We're joining in with the Museum of the City of New York for a virtual #MuseumThanksgivingParade! These parade shots come from Winter Carnivals past and present, from 1913 to 2019!
Learn more about Winter Carnival parades throughout history on our wiki.
Dr. Edward R. Baldwin prepares to carve a turkey in the Baldwin House on Church Street, most likely for a Thanksgiving meal in the 1920s. Dr. Baldwin came to Saranac Lake with tuberculosis after medical school, and was hired by Dr. Edward L. Trudeau to work at the newly built Saranac Laboratory. He eventually served as Director of the Laboratory, along with many other scientific and civic pursuits. Happy Thanksgiving Week!
Learn more about Dr. Baldwin on our wiki: https://localwiki.org/hsl/Edward_R._Baldwin
Historic Saranac Lake is in the process of a major image cataloging project with support from the Institute of Museum and Library Services. We will be sharing fascinating images of life in Saranac Lake throughout history in the Adirondack Daily Enterprise, but our fans online will get the first peek at the images! Have a request for images you want to see? Let us know!
[Historic Saranac Lake Collection, TCR 448, courtesy of Barbara Baldwin Knapp.]
Our next Veteran-themed Tuberculosis Thursday feature is John Baxter Black! Black served in World War I, and was in active service in France when he was diagnosed with tuberculosis in 1918. He was sent to Saranac Lake to cure his intestinal tuberculosis, and his health improved over the course of five years. Unfortunately, he developed an infection following a surgical procedure in Montreal, and died on May 16, 1923.
Following his death, the Black Family of Mansfield, Ohio donated the addition of a new wing on the Saranac Laboratory, including the John Black Memorial Library.
This portrait of John Baxter Black in repose during his cure hangs in the John Black Room at the Saranac Laboratory Museum. Learn more about Black's time in Saranac Lake on our wiki.
by Amy Catania
"I have been so upset by world events that my mind has been almost completely paralyzed.” — Béla Bartók
In the midst of the dark days of World War II, a frail man named Béla Bartók came to Saranac Lake for his health. Although he was one of the greatest composers in human history, many Saranac Lakers might have seen him as just another invalid, tiny and pale, wrapped in his dark cape against the cold Adirondack weather.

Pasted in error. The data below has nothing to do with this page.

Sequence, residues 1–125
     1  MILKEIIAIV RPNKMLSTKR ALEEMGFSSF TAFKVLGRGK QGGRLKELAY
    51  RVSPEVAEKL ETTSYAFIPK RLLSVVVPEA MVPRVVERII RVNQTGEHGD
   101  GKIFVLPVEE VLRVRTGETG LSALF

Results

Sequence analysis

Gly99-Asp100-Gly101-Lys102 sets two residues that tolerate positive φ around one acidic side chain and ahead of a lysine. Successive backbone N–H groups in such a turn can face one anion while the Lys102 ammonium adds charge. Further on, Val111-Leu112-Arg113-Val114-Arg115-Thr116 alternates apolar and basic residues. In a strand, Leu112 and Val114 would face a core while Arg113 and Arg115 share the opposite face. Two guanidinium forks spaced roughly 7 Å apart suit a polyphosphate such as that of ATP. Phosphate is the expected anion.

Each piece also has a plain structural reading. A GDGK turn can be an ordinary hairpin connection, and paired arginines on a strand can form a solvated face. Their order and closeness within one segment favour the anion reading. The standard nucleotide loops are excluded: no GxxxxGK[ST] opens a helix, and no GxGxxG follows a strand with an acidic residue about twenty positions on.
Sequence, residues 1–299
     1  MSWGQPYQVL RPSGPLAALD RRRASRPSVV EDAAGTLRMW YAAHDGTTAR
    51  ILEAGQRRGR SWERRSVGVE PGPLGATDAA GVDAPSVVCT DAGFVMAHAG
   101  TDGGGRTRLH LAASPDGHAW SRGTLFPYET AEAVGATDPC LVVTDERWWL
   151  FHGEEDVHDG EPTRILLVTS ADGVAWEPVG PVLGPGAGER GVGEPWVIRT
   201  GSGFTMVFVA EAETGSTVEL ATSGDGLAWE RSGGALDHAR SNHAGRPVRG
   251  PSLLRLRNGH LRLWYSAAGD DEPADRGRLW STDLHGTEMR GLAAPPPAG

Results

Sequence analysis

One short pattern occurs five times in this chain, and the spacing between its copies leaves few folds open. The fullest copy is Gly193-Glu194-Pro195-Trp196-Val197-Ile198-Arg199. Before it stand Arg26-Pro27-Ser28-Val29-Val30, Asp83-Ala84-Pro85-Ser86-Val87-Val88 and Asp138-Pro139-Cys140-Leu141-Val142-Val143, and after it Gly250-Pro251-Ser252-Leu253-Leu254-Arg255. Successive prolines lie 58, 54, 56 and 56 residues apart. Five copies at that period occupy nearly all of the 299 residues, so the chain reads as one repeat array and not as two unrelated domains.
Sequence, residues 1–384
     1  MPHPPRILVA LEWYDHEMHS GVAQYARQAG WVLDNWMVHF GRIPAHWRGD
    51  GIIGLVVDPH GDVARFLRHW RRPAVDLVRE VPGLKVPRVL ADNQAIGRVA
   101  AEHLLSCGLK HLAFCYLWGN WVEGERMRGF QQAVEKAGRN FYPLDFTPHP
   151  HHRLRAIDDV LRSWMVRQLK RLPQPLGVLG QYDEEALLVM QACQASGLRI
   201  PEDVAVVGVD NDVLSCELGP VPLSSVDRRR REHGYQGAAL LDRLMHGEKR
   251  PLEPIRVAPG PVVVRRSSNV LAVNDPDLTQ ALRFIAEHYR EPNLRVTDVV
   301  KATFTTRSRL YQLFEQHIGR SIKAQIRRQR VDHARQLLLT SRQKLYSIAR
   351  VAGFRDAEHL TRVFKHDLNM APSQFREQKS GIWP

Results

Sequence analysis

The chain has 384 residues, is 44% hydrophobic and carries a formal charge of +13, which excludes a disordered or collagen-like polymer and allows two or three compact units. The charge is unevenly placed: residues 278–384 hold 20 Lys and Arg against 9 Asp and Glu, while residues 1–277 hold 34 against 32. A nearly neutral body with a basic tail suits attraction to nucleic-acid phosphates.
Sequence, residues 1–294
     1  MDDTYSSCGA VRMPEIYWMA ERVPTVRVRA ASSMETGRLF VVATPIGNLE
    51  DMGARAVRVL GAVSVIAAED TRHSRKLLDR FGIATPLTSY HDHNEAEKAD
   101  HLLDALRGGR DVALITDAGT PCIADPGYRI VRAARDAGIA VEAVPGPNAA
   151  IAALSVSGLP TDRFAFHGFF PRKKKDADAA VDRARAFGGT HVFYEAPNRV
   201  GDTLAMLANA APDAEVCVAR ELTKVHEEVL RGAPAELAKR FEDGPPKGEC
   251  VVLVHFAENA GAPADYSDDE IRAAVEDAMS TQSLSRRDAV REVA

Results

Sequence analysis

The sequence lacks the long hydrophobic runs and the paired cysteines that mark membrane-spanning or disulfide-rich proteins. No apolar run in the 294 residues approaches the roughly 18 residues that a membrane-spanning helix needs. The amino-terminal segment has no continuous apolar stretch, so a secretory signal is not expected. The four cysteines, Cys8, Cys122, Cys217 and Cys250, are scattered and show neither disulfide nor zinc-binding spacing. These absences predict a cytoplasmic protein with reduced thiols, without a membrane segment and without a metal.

Bartók and his second wife Ditta fled their native Hungary eighty years ago, as fascism and antisemitism swept across Europe. He had dedicated his life not only to composing, but also collecting and arranging the folk music of Eastern Europe. Nazi Germany was threatening to erase the cultures of the Roma and other peasant peoples of the region. In the face of such terror, Bartók was depressed, impoverished, and sick with a form of leukemia that acted like tuberculosis. He and his wife moved from one cramped, loud, New York City apartment to another. He had ceased composing.
In the summer of 1943, the Bartóks found refuge in Saranac Lake. Here, wrote his son Peter, "he found the peace and tranquility suitable for composing…. My father was obviously contented; his surroundings were as spartan as the interior of a Hungarian peasant cottage -- a reminder of a world with such fond associations for him.”
Bartók spent three summers in Saranac Lake, where the quiet and natural environment inspired some of his greatest works — the Concerto for Orchestra, the Viola Concerto, and the Third Piano Concerto. In his music, he integrated peasant melodies of Eastern Europe with the birdsong of the Adirondacks. Here, under the cloud of terrible world events, he found a measure of hope.
The cabin off of Riverside Drive, where Bartók stayed the last summer of his life in 1945, was saved from demolition thanks to a Romanian pianist named Cristina Stanescu. She had come to Saranac Lake to perform with the Gregg Smith Singers one summer some thirty years ago. While staying at Fogarty’s Bed and Breakfast, she learned about the decrepit cabin down the street where Bartók once stayed. The composer was a hero to Cristina. When she was just six years old, her first teacher in Romania had taught her Bartók’s music even though it was banned under Communism. To Christina’s teacher, Bartók represented friendship among the peoples of Eastern Europe, and his modernist compositions had become a symbol in Europe of anti-fascist resistance.